Poetry Tour with Book London Undercurrents (Holland Park Press) by Joolz Sparkes and Hilaire

      What a lovely day in London! On Sunday, May 2019, I made a poetry tour to Holloway, Islington with a Londoner poet Joolz whose debut poetry collection written with Hilaire was out last March. As the subtitle The hidden histories of London’s unsung heroines, north and south of the river would suggest, the hidden women’s history appears in the book. The collection explores the presences and absences, the interplay of the present and the past – both visible and imagined based on her precise research on, sometimes, handwritten manuscripts in historical archives. She read aloud poems in the book relating to places for me.

(1) A poem ‘Hollywood Comes to Holloway’
      Our tour started from Holloway station (Piccadilly line). Along Holloway Road, we strolled. First, Joolz read the poem in front of the building the Holloway Odeon with her nostalgia to the architecture having an art deco outline. Around there, there had been a lot of theatres. However, very few remained, the street changed. I recall a film theatre Waseda Shochiku in Tokyo. ( http://wasedashochiku.co.jp/about ) 

(2) A poem ‘Permitted to Play’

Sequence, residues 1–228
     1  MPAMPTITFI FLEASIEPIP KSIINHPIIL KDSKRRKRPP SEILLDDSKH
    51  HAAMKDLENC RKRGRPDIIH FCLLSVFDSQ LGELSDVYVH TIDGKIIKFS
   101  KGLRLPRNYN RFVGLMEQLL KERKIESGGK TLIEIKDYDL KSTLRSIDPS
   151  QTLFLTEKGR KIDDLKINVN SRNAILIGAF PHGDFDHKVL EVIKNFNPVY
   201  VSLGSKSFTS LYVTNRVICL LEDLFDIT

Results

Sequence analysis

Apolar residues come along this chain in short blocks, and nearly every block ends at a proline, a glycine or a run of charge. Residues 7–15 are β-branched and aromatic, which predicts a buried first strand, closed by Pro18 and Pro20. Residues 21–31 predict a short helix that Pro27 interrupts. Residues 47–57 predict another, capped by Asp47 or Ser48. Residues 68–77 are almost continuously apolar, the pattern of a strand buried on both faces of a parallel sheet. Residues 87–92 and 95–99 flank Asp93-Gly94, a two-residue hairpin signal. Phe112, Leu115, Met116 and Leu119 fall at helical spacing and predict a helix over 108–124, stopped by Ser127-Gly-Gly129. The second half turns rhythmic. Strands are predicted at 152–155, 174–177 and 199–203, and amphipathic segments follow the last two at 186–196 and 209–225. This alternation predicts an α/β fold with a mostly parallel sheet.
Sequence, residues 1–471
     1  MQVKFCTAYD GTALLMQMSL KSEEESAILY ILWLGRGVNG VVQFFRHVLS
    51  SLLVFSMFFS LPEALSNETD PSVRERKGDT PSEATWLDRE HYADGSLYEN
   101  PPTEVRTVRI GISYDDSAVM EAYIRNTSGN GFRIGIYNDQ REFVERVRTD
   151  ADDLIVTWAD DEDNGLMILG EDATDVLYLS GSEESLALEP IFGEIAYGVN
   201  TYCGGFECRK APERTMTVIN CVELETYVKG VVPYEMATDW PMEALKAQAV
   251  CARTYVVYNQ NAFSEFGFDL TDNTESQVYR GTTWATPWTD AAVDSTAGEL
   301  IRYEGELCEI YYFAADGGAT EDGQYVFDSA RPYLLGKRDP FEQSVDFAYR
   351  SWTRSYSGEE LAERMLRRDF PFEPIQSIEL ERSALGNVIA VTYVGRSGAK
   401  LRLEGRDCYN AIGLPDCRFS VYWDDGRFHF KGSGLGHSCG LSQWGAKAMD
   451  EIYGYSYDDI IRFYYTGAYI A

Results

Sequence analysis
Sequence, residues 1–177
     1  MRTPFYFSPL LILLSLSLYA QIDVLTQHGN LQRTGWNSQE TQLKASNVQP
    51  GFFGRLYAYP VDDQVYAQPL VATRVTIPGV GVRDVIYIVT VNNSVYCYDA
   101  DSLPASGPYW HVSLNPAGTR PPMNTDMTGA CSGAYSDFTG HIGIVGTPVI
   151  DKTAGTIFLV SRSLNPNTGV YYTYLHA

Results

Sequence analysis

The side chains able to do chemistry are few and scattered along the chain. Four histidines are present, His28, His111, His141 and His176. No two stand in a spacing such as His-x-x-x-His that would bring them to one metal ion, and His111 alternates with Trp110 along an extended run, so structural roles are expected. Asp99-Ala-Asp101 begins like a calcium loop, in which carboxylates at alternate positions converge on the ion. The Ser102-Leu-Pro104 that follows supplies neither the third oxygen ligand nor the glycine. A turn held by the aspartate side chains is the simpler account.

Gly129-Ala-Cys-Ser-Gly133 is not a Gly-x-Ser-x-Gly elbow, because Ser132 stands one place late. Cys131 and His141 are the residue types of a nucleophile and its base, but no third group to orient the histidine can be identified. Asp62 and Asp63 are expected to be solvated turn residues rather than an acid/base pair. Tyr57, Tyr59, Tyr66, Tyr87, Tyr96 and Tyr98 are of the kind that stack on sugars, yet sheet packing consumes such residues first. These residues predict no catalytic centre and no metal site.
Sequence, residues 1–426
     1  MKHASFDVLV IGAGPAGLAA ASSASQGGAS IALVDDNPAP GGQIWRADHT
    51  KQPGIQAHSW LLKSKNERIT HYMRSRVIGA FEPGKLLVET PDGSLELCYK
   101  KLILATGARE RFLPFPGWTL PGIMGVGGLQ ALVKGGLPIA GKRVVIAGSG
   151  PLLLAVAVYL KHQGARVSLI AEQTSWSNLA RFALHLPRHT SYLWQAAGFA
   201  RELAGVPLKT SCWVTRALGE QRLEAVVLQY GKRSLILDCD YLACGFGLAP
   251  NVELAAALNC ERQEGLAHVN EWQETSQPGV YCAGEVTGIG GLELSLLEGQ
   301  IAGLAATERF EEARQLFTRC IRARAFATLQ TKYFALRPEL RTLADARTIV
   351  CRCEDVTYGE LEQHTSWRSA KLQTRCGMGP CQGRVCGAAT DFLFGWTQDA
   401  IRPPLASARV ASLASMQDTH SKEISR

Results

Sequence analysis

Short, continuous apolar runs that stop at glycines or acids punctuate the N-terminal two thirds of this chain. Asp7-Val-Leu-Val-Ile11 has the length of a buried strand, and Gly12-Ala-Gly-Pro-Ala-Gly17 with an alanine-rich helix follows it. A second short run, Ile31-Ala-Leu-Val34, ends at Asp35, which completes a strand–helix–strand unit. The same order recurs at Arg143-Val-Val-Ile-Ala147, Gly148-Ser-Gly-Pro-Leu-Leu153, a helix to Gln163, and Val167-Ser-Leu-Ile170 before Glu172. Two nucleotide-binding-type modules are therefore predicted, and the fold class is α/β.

I first went to a football stadium in my life: Arsenal Football Stadium. I knew only the club name, sometimes only saw it on the Internet. In the short poem, a girl told her father about her desire to actually play football. Joolz’s words became a girl’s voice for begging her play in the wide field, “On telly, they only show the men’s./ Dad, when can I play for Arsenal? When?”, for women were permitted to play ‘on occasion’.

 (3) A poem ‘Regular Service’
      Hearing the short poem, in front of the building of the previous Jones Brothers department store, I imagined that a lot of working women and listened to the people’s hum rising up near the ceiling. Joolz’s abiding love for the architecture and shop staffs and customers passing through there.

      In addition, I could enjoy Joolz’s reading of poems ‘On the Way to See the Sex Pistols Play at the Hope and Anchor’ and ‘Paying for the Poor House’ at individual places. Also my favourite was Hilaire’s ‘On the Marriage of Catherine Boucher to William Blake’. The collection rounds off with two thoroughly touching poems.

      Finally, at a pub The Albion near the previous home of the former British Prime Minister, Tony Blair, we kept our conversation on process for editing and finishing the book. And she encouraged my writing as usual (I met her in the 2013 ARVON workshop). Her interest has been, particularly, spoken words, different from 'poems on page'. I agreed with her idea that some poems in the book match reading performance. She introduced a poet Raymond Antrobus to me.

      Back and forth in old and current days is a virtue in poetics as much as life. For me, precious hours for immersing myself in unknown, lost or forgotten voices in the London local history, discovered by the two poets. Many thanks, Joolz.